When do modern SA reds drink best?

By , 12 March 2020

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8

I’m starting to think that life is a series of mishaps punctuated by good bottles of wine. It was approximately 01h00 this past Sunday when a green Jeep Wrangler hit various vehicles parked on street outside our house before crashing through our garage door into the back of my Honda CR-V and then fleeing the scene.

Shoot-out.

Earlier in the evening, we’d cooked lamb chops on the braai which we paired with the 2014 vintage of both Diemersdal MM Louw 2014 and Longridge Ekliptika 2014. A large part of the motivation for selecting these two wines arose as a consequence of the recent 10 Year Old Wine Report featuring the 2010 vintage and the vague feeling that to wait 10 years to broach modern SA red is, in many instances, to wait too long…

The MM Louw is the designation for Durbanville property Diemersdal’s pinnacle wines, the 2014 red being a blend of 64% Cabernet Sauvignon, 21% Merlot, 5% Cabernet Franc, 5% Malbec and 5% Petit Verdot while the Ekliptika 2014 from Longridge in Stellenbosch is Cab Franc-driven with Cab and Merlot also in the mix, alcohol of the former 14.5% and of the latter 14%.

It is interesting to note that the MM Louw 2014 never fared that well with the Winemag.co.zo panel rating 86 in the Cape Bordeaux-style category tasting of 2016 and again 2017  (the more modest Private Collection 2014 being preferred gaining a rating of 90 in 2016) while the Ekliptika 2014 found favour with a score of 91 in 2017.

Drinking these wines primarily for pleasure now, I’d ultimately be hard pressed to say that there is a very vast difference in basic quality. The issue with the MM Louw is that it is a wine premised on fruit power and the uninitiated are probably going to be more easily impressed as a result whereas the Ekliptika has more restraint about it.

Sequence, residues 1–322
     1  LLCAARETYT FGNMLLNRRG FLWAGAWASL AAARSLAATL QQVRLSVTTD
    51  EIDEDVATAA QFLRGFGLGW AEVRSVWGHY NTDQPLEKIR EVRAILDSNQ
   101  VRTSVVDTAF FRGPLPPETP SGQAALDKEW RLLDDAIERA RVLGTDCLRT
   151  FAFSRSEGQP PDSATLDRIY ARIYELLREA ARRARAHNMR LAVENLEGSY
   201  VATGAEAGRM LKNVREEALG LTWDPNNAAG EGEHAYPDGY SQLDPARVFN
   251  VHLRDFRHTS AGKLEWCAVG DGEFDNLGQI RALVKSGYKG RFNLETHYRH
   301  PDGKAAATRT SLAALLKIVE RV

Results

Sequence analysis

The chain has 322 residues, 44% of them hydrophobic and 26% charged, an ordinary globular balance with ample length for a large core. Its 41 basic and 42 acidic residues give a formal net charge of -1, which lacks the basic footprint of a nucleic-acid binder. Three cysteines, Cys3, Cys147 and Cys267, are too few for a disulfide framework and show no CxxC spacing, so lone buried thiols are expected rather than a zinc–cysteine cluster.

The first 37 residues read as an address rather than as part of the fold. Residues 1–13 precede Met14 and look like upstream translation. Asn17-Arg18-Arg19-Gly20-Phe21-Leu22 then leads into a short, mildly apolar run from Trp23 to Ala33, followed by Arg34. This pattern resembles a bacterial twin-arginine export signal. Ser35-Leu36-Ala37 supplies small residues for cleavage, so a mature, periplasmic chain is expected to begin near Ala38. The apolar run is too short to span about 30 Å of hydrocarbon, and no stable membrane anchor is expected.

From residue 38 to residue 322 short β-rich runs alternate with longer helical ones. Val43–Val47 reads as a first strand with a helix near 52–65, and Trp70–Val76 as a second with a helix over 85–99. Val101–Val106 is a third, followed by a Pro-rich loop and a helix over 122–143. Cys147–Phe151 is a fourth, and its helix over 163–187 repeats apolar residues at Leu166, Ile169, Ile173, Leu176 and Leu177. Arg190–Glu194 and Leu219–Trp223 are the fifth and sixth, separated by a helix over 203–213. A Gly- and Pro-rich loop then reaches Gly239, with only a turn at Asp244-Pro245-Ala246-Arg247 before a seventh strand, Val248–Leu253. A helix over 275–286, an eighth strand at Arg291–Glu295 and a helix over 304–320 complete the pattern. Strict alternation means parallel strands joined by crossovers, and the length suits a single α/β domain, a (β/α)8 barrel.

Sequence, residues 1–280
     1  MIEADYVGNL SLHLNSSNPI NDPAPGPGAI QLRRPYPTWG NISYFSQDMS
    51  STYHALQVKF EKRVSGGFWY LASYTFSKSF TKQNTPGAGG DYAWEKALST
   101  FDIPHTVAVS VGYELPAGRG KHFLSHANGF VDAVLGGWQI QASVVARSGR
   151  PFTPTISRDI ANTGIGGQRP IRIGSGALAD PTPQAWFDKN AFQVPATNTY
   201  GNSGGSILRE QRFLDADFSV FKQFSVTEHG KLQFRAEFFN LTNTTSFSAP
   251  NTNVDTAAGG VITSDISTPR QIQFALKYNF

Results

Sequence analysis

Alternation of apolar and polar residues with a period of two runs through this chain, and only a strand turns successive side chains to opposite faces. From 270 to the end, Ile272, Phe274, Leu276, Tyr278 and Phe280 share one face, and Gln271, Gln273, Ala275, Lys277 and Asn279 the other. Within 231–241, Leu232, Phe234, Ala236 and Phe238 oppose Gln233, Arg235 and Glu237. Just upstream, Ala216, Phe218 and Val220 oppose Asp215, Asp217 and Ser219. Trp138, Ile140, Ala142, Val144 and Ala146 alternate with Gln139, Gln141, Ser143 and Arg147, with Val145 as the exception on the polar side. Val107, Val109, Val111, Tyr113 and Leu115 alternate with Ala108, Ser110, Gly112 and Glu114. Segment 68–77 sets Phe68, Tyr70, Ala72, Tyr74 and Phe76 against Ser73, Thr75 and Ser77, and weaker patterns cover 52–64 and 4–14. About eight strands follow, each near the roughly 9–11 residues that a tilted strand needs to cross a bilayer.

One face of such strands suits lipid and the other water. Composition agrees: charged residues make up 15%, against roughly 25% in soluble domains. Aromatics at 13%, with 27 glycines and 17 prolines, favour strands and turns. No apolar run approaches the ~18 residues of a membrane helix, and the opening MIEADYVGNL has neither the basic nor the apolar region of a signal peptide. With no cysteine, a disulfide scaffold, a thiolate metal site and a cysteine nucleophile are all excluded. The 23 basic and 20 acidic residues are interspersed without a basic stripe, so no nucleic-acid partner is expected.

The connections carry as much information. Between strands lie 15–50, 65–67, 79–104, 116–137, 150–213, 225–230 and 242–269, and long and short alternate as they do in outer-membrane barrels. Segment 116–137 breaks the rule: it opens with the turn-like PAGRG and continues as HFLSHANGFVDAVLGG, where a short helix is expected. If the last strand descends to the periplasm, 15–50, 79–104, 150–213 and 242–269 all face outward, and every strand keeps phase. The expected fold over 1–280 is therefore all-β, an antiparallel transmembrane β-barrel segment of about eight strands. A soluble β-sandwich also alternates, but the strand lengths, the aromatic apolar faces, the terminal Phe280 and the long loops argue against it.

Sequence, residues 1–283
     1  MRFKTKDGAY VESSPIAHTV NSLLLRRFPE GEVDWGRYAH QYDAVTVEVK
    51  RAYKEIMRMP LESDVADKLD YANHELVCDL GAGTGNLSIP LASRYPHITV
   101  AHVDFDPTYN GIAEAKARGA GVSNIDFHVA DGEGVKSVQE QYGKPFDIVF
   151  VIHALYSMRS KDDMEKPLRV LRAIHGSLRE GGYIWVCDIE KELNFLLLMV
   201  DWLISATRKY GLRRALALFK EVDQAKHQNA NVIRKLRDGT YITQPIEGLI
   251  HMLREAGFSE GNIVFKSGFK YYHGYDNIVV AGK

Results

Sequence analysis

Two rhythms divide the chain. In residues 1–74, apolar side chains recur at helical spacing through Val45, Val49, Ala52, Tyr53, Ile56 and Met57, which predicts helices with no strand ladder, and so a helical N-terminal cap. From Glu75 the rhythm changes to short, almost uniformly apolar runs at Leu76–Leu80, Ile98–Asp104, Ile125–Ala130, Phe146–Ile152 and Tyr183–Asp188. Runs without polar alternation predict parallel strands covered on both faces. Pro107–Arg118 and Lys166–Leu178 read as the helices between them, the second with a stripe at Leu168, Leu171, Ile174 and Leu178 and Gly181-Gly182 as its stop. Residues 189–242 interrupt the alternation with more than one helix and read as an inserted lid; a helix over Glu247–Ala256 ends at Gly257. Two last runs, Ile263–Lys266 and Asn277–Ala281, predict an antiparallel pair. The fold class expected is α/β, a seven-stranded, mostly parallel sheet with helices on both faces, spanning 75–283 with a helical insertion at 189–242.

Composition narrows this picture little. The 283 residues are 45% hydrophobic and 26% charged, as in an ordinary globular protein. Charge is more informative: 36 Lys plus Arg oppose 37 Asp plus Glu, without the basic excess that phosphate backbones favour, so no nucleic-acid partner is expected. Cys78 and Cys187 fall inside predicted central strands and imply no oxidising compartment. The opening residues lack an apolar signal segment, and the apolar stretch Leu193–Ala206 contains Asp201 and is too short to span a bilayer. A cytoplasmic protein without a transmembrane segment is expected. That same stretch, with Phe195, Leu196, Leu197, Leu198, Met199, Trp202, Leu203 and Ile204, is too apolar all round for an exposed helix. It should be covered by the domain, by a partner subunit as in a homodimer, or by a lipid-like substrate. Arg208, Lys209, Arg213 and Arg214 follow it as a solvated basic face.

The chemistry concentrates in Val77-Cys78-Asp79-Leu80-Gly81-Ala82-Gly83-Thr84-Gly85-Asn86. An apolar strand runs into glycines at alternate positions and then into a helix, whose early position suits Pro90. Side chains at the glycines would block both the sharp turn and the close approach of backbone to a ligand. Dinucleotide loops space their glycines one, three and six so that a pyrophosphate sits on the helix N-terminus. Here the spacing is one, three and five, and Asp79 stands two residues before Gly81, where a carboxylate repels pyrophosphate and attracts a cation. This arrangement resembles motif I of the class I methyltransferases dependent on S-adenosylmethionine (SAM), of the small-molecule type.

That said, there is a sense that the passage of time has mellowed both of them and removed some of their individual outstanding characteristics that they showed in youth. Are they drinking optimally? I’m sure that they will go for a while yet but I certainly did not feel guilty of committing infanticide.

Moreover, when it comes to professional tasting notes, I’ve long since given up suggesting drinking windows as it is such an inexact science – wines of great reputation sometimes disappoint while the more modest can provide happy surprises when it comes to bottle maturation. Equally, there is one sort of pleasure to be had drinking wine very young and musing what it might become and a different sort drinking it old and imagining how it used to be. My contention is that when to open any particular wine should be entirely at the discretion of the individual.

In any event, lamb prepared over an open fire paired with something made in the Bordeaux idiom is a simple pleasure and these are to be savoured as you simply don’t know when you might find yourself standing in your nightclothes giving a statement to the police.